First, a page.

You may also find this post interesting: https://kiwipolemicist.wordpress.com/2008/08/12/arrant-arrogance/

    Comment by kiwipolemicist — October 26, 2008 @ 7:30 pm

  3. Firstly, I argued against the state interfering in the parenting of good parents, those not abusing or neglecting their children

    I live in New Zealand and I am a liberatarian. I am against state interference in good families however if a family puts their kid in a drier or kills them by dunking their head in boiling water or throws their baby out the window of their car whilst driving down the motorway I am very comfortable with the state intervening, trying them and enacting the death penalty against them.

    So did you miss my distinction or are you saying that the state should not prosecute parents who abuse, beat and kill their children?

    Should what happened to Nia Glassie for example be something the state ignores because the state should stay out of the lives of families?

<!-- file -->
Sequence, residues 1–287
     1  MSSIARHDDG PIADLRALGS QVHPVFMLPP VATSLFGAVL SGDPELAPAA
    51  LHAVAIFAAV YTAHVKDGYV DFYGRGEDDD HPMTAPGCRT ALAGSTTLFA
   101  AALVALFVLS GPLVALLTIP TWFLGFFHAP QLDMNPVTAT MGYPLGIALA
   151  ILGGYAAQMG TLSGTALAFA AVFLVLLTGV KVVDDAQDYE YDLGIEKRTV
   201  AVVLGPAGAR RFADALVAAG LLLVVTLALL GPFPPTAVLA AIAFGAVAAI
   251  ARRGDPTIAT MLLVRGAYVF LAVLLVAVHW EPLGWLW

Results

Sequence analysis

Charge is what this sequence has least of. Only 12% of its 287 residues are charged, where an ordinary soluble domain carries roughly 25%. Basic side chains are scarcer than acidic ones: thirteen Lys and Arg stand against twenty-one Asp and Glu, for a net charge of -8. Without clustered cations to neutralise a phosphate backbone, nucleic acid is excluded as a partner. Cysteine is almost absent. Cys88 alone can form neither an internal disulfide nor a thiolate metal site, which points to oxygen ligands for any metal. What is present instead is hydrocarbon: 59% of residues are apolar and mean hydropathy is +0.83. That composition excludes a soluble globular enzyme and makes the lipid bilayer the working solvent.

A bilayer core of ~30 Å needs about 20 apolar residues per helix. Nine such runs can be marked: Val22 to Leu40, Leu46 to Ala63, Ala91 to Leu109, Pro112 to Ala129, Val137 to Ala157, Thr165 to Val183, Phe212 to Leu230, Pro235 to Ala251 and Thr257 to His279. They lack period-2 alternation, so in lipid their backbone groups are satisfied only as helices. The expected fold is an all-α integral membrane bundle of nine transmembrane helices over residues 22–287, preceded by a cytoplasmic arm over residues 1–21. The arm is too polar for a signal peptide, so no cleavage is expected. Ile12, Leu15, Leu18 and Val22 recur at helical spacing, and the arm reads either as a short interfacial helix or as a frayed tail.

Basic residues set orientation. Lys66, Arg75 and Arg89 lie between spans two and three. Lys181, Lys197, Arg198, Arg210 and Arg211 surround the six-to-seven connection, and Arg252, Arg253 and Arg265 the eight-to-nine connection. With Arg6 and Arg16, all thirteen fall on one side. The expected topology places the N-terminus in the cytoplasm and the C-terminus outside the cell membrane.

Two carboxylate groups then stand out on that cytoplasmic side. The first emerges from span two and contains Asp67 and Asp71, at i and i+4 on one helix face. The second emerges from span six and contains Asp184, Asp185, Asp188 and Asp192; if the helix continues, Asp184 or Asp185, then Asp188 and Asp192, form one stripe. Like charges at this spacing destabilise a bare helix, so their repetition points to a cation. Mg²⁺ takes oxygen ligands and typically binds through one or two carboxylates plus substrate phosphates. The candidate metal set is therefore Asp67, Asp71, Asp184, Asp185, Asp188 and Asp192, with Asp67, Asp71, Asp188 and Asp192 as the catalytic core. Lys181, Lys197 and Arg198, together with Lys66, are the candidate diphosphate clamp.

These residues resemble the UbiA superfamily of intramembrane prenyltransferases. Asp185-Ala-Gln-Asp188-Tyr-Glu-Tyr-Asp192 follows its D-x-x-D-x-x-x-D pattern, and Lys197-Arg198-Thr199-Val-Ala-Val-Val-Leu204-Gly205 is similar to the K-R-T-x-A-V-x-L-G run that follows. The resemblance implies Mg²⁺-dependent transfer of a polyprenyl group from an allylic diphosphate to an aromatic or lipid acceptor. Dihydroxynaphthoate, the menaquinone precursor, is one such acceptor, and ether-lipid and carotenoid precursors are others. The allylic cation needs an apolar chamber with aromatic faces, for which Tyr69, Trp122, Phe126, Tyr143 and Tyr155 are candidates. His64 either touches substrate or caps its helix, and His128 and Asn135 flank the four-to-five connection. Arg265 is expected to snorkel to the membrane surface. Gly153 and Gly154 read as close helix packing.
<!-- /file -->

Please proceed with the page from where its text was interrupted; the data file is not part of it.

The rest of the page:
Comment by Madeleine — October 26, 2008 @ 8:09 pm

  4. Madeleine, I did understand the distinction that you made (my apologies for not addressing that), and I agree that since we are stuck with a Statist system the State should prosecute parents who violate the personal rights of their children (in the sense of the non-aggression axiom). However, I also believe that in doing so the State is attempting to usurp the Higher Authority that abusive parents are answerable to.

    A Statist system poses intractable problems. E.g. you say that “good parents” should not be prosecuted. Who decides what is good parenting? I, along with more than 80% of New Zealanders, believe that smacking should be legal, but the State believes that parents who smack are bad parents so it made smacking illegal (which proves that the State is a ruler not a servant). If a parent who smacks resists State interference in their parental dominion the State will employ force against that parent and, if the parent provides sufficient resistance, will use lethal force against that parent.Thus, the State *always* decides who is a “good parent” because parents cannot resist the overwhelming power of the State. Do you want the State deciding who is a good parent and who is a bad parent? Do you want a State ruled by a Marxist woman who is pro-abortion, pro-paedophilia, pro-homosexuality and anti-marriage deciding who is a good parent and who is a bad parent?